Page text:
460m African people affected by natural disasters since 1970 – UN
Ms Amina Mohammed, UN Deputy Secretary-General says no fewer than 460 million people in Africa were affected by natural disasters since 1970.
Mohammed stated this in her remarks to United Nations World Data Forum in Dubai, also said that natural disaster cost 330 billion dollars in 2017.
“Since 1970, natural disasters have affected the lives of more than 460 million people in Africa.
“Many lives and livelihoods could have been saved with better data and forecasting.
“And in more than two thirds of countries, there is a lack of gender dis aggregated data on violence against women.
“Our task is to make sure data is available to all people,” the deputy UN chief said.
She said the world must make sure data were harnessed to support implementation of the 2030 agenda at all levels and in all regions and countries.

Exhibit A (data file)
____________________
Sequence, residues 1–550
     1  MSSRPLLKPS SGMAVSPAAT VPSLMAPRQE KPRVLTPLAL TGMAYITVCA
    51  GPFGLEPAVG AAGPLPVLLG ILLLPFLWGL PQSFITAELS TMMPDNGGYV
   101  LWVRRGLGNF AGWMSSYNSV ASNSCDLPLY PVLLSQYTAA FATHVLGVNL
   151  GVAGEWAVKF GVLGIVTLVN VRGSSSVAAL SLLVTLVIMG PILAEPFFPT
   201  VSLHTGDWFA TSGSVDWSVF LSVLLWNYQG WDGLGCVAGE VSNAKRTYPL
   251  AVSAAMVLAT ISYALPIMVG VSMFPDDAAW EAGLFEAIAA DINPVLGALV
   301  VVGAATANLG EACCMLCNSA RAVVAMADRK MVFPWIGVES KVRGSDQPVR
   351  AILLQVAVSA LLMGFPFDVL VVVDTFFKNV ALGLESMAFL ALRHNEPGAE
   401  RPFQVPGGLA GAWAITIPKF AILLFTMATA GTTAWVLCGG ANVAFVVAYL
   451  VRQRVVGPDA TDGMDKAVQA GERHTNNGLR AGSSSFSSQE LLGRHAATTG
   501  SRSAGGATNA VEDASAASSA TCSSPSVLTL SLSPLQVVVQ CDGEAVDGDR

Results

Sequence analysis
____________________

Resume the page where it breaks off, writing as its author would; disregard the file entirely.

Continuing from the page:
Mohammed said: “Data on disaster preparedness and early warning systems can save lives and livelihoods.
“Last year, natural disasters cost 330 billion dollars. Better data can help avoid some of these losses”.
She said Mexico’s earthquake early warning system had issued 158 alerts since 1993, significantly reducing the potential impact.
According to her, robust and accessible data and information can provide a host of other benefits.
“It means students can find out about job opportunities and women can learn about laws protecting them from discrimination.
“It means citizens can monitor how their governments are performing and hold decision-makers to account.
“It can strengthen trust in public institutions and unveil new opportunities.
“For example, in Buenos Aires, Google data suggests that rooftop solar potential is equal to about 946,000 tonnes of avoided emissions a year – which is the equivalent of taking 200,000 cars off the road.
“But, while it is clear that the data revolution is having an enormous impact, it has not benefited everyone equally,” she said.
Mohammed said the United Nations was leading global efforts to integrate data and information systems.